For reasons lost to the mists of time, TSA didn’t review High Moon’s second Transformers game. I previewed the game quite enthusiastically, as you might expect from a Transformers fan, but the review copy must have got lost in the post. Activision’s re-release of the game on PlayStation 4 and Xbox One allows me to remedy that situation. This isn’t a remaster, but that really doesn’t matter.
With this sequel, High Moon Studios, who have since moved to help out with the Call of Duty franchise, fixed many of the problems that stopped the first game, War for Cybertron, from becoming a classic. Ammo is plentiful and there are now reasons to be vehicle mode, not to mention that the maps are pretty huge, the largest that the Unreal engine could handle at the time.
War for Cyberton had been a rather basic Gears of War corridor shooter clone, but Fall adds a smorgasbord of missions including stealth and dog-fighting missions. The Dinobots, who are wisely saved near the end of the game, play an important role in the story and playing a rampaging robotic T-rex is as much fun as it sounds.
Everything comes to climax as the Autobot spaceship, the Ark, heads for a wormhole and the Decepticons try and stop the ship. This final level is one huge movie-style royal rumble in which you play as both Autobots and Decepticons, switching sides as the battle progresses, and using every feature the game has to offer as you race to the game’s climax.
When the game came out four years ago, the PlayStation 3 and Xbox 360 were simply not up to the task and High Moon’s epic story sometimes got lost as the Unreal engine juddered and clunked. Textures were slow to load in, there was considerable pop up, but my main complaint was in regards to the textures, with each robot being dented and a bit grimey. It sounds like a good aesthetic in theory, but in practise at 720p the dirty rough textures on the robots, and indeed all of Cybertron, became a bit of a mess. In some points, it looked like a child had scribbled crayon across the screen which chugged along as the Unreal engine tried, and often failed, to keep up with the action.
Returning to the present day and Fall of Cybertron is the latest game from the Activision back catalogue to be refitted on to PlayStation 4 and Xbox One. Released with little fanfare in early August, the game is a straightforward 1080p version of the original game, with three DLC packs thrown in. That is it. Nothing else has been altered, the textures are the same, the frame rate seems to be locked to 30fps, there are the same number of polygons on screen.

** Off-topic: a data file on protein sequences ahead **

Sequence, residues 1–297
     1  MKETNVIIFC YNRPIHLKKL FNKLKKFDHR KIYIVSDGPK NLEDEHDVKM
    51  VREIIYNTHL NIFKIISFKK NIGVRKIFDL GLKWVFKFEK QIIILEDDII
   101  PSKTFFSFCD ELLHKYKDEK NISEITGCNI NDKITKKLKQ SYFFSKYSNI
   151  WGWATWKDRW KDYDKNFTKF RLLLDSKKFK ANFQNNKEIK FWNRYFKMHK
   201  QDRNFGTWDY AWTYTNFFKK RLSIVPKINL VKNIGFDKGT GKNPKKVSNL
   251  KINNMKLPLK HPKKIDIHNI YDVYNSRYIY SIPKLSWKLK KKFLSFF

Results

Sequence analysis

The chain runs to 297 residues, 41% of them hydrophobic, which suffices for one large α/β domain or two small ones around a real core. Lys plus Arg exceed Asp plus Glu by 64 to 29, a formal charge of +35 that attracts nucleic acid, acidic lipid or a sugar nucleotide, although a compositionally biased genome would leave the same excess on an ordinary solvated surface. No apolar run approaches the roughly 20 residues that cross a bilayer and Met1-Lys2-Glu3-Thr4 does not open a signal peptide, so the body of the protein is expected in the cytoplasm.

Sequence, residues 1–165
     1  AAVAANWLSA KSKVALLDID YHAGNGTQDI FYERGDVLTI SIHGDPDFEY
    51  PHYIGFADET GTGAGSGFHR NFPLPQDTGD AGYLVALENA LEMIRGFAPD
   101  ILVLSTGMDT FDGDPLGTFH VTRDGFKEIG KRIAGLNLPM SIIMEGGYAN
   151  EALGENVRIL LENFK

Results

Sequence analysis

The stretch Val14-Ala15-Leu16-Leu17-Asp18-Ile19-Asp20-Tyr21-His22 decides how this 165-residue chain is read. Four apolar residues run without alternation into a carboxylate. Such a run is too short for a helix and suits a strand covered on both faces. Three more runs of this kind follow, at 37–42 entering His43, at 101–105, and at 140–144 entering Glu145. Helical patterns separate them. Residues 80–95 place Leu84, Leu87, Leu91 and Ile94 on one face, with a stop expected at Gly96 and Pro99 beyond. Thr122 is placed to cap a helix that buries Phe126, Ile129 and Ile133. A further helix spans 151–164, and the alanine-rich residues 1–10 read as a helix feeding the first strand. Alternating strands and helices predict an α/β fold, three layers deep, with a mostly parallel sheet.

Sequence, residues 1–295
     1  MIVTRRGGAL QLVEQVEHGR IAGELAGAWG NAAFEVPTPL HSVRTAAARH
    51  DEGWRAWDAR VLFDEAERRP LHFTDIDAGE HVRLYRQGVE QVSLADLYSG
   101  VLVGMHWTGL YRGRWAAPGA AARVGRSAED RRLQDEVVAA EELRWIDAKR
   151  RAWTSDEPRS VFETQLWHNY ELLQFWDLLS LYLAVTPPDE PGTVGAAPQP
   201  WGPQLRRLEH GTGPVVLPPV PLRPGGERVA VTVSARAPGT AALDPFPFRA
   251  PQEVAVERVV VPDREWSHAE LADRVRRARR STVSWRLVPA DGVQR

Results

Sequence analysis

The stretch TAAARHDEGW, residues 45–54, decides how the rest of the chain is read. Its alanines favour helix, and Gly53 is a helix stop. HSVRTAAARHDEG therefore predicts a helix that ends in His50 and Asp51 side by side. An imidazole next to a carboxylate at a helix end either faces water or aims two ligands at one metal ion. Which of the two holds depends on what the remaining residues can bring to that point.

However, any real Transformers fan knows that the robots are blocky, chunky things, rather than the curvy sculptures found in the Michael Bay movies. There’s no need for extra polygons or even better textures in this re-release, the originals are perfect. No, what was needed was a higher resolution and a more consistent frame rate, both of which have been delivered.
Even though very little has changed, the game looks so much fresher and cleaner on PlayStation 4. Characters in the distance are now clearly visible rather than being black smudges, texture pop in has been banished, and so has any slowdown. Simply put, the PlayStation 3 wasn’t up to pulling off such spectacle but with power of PlayStation 4, High Moon’s masterpiece can finally be seen as it should have been. It’s an even bigger jump when compared to the Xbox 360 version that ran at less than 720p.
That said, the game could have done with a little added effects work, which really belies the game’s last gen origins. Explosions are pretty weak, and you’d expect more lighting and particle effects from a modern PS4 game. The cutscenes could also have done with some love, seemingly having been up-rezzed from the original and leaving a lot to be desired.
Compared to the most recent Transformers game, Devastation, Fall of Cybertron is a slower, heavier game, but they complement each other quite well, Devastation’s bright visuals and fast combat sitting nicely alongside the darker, deeper story found in Cybertron. Both have their merits and should be essential purchases for Transformers fans.
Except they probably won’t be tempted because when it comes down to it, Activision have just shipped out the PC version of a 4 year old game and are charging £30 for it. However, unlike the recent PS4 version of Deadpool, Fall of Cybertron is a genuinely good game, whether you are a Transformer fan or not, and it is significantly better than the PS3 version.
Personally, I’d recommend the game, but I would fully understand if you thought Activision should work a little harder to justify re-releases like this. It’s certainly the best console version there has been of Transformers: Fall of Cybertron, and isn’t that the point of a remaster?